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The death of independent bookstores

By Bijaya Biswal

The cities I have lived in always had a greater number of liquor shops than bookstores. That meant people drank more whiskey than they read books, finished more beer cans and wine bottles in a month than novels, frequented bars on the weekends much more than they had ever been to book-cafes. It was strange because it told a lot about the culture of a generation. The denim brands at the shopping malls grew, inventing slim-fits and mid-rise and ripped jeans and flare jeans. They were wooing people by bringing back the same old fashion every five years, but they bought them anyway. There were queues outside the hookah bars of people who wanted to be accommodated, tremors shook the dance-floors of pubs on Saturdays, and theatres ran the same clichéd love stories with misogynist songs and protagonists obeying gender roles, but the shows were always houseful.

Only the bookstores remained empty. Shelves stacked with Dostoevsky, Tolstoy and Pushkin stared into oblivion, acknowledging that maybe Russian writers are destined for lonely lives. Kafka was disheartened, Hemingway grunted in anger, Plath returned to her bell jar, and Shakespeare could not decide whether to be or not to be. The tables had chess games which were never won or lost, cups meant for coffee which was never made, walls featured framed book covers that no one looked at with coveting eyes. Maybe nerds do not go out for dates at all these days. Maybe it is Amazon or e-books or the hectic work-lives. Whatever the reason is, it was apparent that bookstores remained wanting of the attention they deserved.

Digital versus traditional bookstores

Despite the convenience offered by e-commerce sites, the effort that goes into visiting a bookshop physically to buy a book is worth it and for important reasons. Book discovery is difficult online as algorithms often end up suggesting books which are popular as opposed to good. My online experience has been limited to the Bookers and Pulitzers, or Rowling and Murakami. It is bookstores that made me discover the rare gems— Istanbul by Orhan Pamuk, or Mohsin Ahmed’s Exit West, Murugan’s One Part Woman or anything by Aubrey Menen. There were books on the Adivasis, Africans and Native Americans also, which the general masses might not connect to and hence, never popularise.

On the Internet, the closest one gets to Bukowski is Post Office or Women. However, at independent bookstores, one cannot ignore South of No North placed just below. Academic reads like Chomsky’s On Language or Adichie’s We Should All Be Feminists might not be everyone’s taste, but in bookshops, there is a chance of love at first sight. The mere arranging of books according to the genre can work much better than the recommendations on Goodreads. Such sites rank books according to ratings. They assume that all names are being read equally, which is far from the truth. So The Life of an Amorous Woman by Saikaku, with its low ratings, will not convince one as much as anything by Dan Brown or Tolkien. While in a bookshop, the exploration is completely one’s own, free from the bias of the majority. So people pick up books they conventionally will not.

Broke bibliophiles’ haven

For broke bibliophiles, independent bookstores offer a very good price. Though it is commonly believed that books are cheaper online, a little research can make one understand that only the bestselling books are often at a discount. Any book slightly less bought by the public almost never has a price cut of above 5-20%, while discounts at most of the bookstores begin at 20-30%.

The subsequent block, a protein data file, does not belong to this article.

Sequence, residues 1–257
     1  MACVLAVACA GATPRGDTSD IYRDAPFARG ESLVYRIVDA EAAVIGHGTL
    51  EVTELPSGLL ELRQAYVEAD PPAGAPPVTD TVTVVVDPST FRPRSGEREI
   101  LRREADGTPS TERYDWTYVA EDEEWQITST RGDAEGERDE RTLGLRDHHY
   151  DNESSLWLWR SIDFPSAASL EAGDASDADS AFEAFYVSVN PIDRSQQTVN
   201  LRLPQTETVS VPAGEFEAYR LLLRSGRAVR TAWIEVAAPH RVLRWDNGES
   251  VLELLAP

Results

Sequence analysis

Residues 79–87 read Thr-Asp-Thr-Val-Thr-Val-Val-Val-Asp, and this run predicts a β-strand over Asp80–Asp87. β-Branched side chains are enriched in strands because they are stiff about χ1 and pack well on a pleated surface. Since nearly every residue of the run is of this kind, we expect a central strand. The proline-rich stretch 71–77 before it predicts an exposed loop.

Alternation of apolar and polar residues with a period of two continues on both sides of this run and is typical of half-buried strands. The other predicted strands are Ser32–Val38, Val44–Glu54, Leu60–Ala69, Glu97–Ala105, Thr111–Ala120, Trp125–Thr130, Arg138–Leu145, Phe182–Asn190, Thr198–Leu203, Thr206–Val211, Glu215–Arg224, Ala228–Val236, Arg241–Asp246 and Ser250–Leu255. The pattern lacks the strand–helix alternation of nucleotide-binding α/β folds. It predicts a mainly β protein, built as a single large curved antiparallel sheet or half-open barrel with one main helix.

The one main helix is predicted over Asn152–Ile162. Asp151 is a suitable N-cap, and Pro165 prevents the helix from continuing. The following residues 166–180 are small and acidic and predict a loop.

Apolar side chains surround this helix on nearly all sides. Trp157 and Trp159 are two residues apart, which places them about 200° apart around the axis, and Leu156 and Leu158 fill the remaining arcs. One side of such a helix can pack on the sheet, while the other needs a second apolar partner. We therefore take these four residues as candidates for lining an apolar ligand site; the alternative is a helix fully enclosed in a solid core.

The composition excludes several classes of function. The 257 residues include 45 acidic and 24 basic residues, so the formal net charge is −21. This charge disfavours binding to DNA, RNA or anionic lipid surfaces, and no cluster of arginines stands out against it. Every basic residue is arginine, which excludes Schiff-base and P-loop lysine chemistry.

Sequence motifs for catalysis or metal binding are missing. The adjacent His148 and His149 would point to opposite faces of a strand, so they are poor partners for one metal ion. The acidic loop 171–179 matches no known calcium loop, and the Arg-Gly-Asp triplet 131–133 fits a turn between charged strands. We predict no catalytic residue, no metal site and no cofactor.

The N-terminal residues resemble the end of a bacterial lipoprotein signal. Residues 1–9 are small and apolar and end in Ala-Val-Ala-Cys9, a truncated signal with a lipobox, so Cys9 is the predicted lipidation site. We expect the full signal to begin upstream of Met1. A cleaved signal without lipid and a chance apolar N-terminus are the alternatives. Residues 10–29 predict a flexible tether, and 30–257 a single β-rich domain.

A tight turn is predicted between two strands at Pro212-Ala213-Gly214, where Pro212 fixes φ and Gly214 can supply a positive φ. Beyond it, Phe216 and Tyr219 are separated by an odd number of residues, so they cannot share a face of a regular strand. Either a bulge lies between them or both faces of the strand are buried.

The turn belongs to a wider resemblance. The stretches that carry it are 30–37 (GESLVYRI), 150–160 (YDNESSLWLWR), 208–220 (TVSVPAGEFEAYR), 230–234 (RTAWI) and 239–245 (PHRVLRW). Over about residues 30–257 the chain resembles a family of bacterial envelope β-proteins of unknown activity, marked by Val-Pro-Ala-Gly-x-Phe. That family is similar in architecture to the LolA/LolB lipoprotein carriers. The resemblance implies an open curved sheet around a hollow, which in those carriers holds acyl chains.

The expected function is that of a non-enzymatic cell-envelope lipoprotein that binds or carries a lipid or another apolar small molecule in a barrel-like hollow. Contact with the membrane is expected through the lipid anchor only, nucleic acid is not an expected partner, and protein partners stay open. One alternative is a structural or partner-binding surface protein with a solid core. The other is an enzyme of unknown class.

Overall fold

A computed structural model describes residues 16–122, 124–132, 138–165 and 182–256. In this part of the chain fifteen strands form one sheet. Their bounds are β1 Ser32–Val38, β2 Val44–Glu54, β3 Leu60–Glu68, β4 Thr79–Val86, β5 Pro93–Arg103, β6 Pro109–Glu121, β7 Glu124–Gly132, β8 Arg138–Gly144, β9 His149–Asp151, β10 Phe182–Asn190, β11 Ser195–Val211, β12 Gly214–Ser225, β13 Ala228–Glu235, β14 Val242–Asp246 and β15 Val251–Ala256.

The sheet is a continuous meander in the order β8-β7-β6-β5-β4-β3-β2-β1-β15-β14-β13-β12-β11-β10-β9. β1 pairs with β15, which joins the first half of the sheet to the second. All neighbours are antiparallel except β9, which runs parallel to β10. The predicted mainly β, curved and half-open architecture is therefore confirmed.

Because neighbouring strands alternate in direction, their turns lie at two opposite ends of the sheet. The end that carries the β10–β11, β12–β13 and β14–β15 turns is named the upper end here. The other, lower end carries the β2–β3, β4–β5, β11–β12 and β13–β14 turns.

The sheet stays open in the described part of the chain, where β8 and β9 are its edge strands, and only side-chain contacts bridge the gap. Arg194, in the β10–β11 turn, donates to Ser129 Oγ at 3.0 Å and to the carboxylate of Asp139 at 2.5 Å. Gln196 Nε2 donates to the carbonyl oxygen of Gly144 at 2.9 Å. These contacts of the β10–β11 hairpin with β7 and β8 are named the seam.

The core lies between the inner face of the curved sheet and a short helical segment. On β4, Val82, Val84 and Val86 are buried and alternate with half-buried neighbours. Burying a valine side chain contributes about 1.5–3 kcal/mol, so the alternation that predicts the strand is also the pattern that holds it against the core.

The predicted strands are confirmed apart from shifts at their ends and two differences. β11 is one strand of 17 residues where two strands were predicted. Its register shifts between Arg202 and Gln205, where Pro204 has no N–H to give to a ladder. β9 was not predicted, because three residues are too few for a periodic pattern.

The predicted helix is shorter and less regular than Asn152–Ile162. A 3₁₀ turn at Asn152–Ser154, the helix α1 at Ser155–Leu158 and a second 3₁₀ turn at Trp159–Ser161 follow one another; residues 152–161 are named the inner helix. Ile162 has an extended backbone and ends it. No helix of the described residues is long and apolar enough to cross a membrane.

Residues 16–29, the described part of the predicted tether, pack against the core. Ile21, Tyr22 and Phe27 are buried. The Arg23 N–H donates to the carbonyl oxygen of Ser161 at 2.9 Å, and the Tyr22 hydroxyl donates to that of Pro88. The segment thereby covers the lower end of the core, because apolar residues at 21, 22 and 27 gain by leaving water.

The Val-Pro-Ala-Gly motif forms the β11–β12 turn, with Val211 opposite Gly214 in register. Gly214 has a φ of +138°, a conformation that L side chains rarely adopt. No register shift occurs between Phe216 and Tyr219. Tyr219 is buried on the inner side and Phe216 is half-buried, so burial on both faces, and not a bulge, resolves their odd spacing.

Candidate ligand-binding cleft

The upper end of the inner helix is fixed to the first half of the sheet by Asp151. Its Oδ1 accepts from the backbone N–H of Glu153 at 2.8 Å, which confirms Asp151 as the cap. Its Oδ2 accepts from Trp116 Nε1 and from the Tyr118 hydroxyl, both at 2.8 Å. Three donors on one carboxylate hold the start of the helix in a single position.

The variety of secondhand books is larger in a brick and mortar store. Many of them come with the little notes written on the margins by previous owners. It reminds one how stories are universal legacies to be passed on to minds which are still strangers to them. E-books cannot make one feel anything close to this.

Independent bookstores— a glimmer of hope

Only last month, I discovered a book cafe in the outskirts of Bhubaneswar—“Walking Bookfairs”. They were a book-van first, travelling across the country donating story books to children. This was in an era when parents only cared to buy them textbooks. If rationally thought upon, reading was often a luxury only the privileged could afford. A hungry farmer or wage-labourer never had the time, peace of mind, or ability to read and interpret a book. But the owners of this bookstore believed knowledge was for everyone irrespective of their position in society. They carried this vision forward, made a movement out of it—publishing poetry books written by common men, organising human library events for one to borrow a person and read their lives through conversations, and finally building a book-cafe with the most hand-picked books from Faulkner to Achebe and Atwood to Ishiguro.

This is what makes independent bookstores different from Oxford/Crossword chains or websites. The motive behind them, a vision for which they relentlessly struggle is making books a more affordable and available commodity. Ray Bradbury once warned, “You do not have to burn books to destroy a culture. Just get people to stop reading them”. Culture is the essence of human existence and books are its very embodiment where our history, politics, mythology and scientific advancements are preserved and remembered. They must be kept alive in libraries, bookshops and bookshelves of children, who should grow up with an open mind.

Featured image source: Pixabay

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